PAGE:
11. Gems in the “Gem State”

Over 70 rare gems are found in Idaho, including jasper, opal, jade, topaz, and more!

Rock and gem excavators from around the globe travel to Idaho for treasure hunting. Among the many stones found in Idaho, one—the Star Garnet—is exclusive to Idaho and India! The rare pointed crystalline star is usually plum or purple.

Having these incredible gems literally in your backyard could be a neat benefit to living in Idaho. 

12. Regional Highlight: Idaho Falls

Hike for a stroll through peaceful, scenic views. 

Within the Rocky Mountains and along the Snake River, Idaho Falls is the perfect place to commune with nature. Known for its beautiful natural views, Idaho Falls also happens to be the third-largest city in the state. This incredible blend of urban and rural provides an ideal situation for those who love to explore nature, then grab a latte from the local coffee shop. 

13. The Fry Sauce, Huckleberries, and Caviar

A photo of Rose Sauce or Fry Sauce Dip in a glass dish. This sauce is made from ketchup, mayonnaise, and tobasco

Idahoans enjoy the “Idaho Fry Sauce,” a mayonnaise-based dressing; it is out of this world!

The Idaho Potato Commission has weighed in on what exactly is “fry sauce.” Their spokesperson—Dr. Potato—explains specifically that fry sauce is “a combination of ketchup and mayonnaise, sometimes with an added spike in spiciness with Tabasco or dried chili powder.”

But, head’s up, the great fry sauce debate rages between Utah and Idaho, with one restaurant in Utah claiming the fry sauce origin story. Either way, try the pick sauce on your fried foods once you get to Idaho! 

Specialty foods range from fresh fruit to fish eggs. 

The huckleberry is Idaho’s official state fruit and packs a flavor punch. Similar to the blueberry, the huckleberry is famous within and outside of the state. Taking nearly twenty years to fully mature, when the huckleberries are ready, everyone runs. There are many locations where people can pick their berries, and there are many more recipes for turning huckleberries into delicious pies or sweet jams. 

In addition to huckleberries, Idaho Sturgeon Caviar, or the American Beluga, is also unique and unforgettable. Experts believe the fresh Idaho spring water enhances the flavor of the caviar!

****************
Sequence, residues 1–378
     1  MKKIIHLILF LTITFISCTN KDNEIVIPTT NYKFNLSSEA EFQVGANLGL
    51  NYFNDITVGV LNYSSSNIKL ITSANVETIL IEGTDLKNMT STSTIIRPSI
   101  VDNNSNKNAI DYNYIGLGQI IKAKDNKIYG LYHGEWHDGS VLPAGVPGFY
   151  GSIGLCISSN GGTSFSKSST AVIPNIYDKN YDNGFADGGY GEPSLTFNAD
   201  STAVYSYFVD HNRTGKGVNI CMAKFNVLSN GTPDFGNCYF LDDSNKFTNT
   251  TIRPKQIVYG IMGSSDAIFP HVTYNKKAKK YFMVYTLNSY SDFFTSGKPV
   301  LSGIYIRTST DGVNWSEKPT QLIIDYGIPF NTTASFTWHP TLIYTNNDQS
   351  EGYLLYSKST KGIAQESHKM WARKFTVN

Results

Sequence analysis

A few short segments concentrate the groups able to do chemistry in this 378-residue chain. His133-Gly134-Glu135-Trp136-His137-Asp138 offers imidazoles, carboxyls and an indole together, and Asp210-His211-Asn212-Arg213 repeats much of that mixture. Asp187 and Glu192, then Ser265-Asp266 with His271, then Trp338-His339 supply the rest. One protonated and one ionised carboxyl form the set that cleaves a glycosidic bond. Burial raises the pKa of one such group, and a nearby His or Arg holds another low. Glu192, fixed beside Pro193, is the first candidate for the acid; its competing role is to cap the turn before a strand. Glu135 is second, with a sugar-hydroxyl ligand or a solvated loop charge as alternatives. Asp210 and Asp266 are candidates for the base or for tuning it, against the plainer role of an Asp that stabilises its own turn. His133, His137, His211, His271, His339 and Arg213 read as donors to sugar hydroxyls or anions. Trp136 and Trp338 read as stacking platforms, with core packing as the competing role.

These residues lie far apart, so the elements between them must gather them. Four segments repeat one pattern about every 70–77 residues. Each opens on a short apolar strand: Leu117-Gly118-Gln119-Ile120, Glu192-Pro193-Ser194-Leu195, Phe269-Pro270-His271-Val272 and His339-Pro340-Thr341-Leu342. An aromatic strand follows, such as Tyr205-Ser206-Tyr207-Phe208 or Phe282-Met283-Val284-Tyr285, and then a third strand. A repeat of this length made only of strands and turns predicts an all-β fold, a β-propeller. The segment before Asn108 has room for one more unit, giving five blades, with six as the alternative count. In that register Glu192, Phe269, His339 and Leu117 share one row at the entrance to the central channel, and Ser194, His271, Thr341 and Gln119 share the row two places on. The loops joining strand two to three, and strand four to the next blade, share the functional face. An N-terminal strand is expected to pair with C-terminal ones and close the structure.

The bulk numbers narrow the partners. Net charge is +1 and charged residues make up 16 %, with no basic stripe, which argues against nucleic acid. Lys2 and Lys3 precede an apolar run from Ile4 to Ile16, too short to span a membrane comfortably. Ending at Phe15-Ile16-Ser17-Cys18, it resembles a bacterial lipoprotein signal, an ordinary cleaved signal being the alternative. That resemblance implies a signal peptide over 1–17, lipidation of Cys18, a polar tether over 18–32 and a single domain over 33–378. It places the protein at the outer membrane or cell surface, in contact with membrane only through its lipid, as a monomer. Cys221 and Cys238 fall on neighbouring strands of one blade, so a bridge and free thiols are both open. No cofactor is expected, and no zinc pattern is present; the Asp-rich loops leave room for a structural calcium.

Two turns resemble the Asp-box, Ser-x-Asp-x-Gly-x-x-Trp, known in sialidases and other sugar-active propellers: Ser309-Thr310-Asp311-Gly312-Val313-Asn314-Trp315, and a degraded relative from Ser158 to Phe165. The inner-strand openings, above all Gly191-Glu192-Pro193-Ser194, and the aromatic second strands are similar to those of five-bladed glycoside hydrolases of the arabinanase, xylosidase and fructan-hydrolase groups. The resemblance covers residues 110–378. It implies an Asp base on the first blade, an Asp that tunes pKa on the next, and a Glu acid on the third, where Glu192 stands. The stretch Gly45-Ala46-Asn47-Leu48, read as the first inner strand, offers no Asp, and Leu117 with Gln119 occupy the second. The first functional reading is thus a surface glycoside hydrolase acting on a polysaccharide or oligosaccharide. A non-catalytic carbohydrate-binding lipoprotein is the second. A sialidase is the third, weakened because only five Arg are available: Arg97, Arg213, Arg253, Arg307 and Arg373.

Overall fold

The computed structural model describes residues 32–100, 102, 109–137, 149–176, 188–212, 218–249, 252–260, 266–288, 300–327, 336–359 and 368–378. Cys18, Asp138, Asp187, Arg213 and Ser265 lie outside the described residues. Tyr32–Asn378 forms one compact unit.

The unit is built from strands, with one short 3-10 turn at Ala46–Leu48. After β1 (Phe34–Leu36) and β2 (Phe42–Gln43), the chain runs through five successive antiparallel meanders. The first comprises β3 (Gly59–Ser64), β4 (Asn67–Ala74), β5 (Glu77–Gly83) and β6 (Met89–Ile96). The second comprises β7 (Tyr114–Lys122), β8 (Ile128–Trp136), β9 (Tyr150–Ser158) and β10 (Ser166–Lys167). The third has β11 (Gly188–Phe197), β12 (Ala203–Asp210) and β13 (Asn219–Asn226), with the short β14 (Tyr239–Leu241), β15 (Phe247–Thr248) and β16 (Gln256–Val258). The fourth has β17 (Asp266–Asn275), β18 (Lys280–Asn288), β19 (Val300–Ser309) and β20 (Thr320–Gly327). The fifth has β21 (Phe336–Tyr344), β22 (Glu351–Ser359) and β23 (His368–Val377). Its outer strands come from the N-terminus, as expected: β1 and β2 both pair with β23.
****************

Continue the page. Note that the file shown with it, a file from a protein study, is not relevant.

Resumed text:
14. Regional Highlight: Hailey

Get away from it all in Hailey and enjoy the small-town atmosphere. 

While the population of Hailey is relatively small, the municipality is known for its bustling arts scene. Hosting film festivals and regionally-renowned rodeos, as well as being the home of the Blaine County Historical Museum, Hailey might be the perfect place to settle for retirement

Cons: With the ups come (just a few) downs

While Idaho boasts many benefits, there are some considerations you should make when planning your retirement. Weather, transportation, and cultural views are just a few. Below we list some items to review before committing to your escape to Idaho. 

15. Finding the perfect home could be pricey

A picture of a beautiful suburban house in Idaho. The home is made from natural stone and timber. It is single level with a loft space. Trees can be seen in the background

Idaho’s real estate market is a “seller’s market.”

The demand for housing is high as new residents enter the state, and the population continues to increase steadily. Therefore, alongside Idaho’s accelerated population increase, the real estate market is expected to grow in correlation, which might mean increased competition for homes. The median home listing price in the state is about $335,000, while the median rent hovers around $1400 per month. 

16. The winters can be frigid

There’s cold, and then there is cold

In a tiny mountain town, Stanley, Idaho, the temperatures are often recorded as some of the coldest temperatures in the continental US.

In Idaho, on average, 292 days of the year are below freezing, and the state has experienced a record low of -54°F.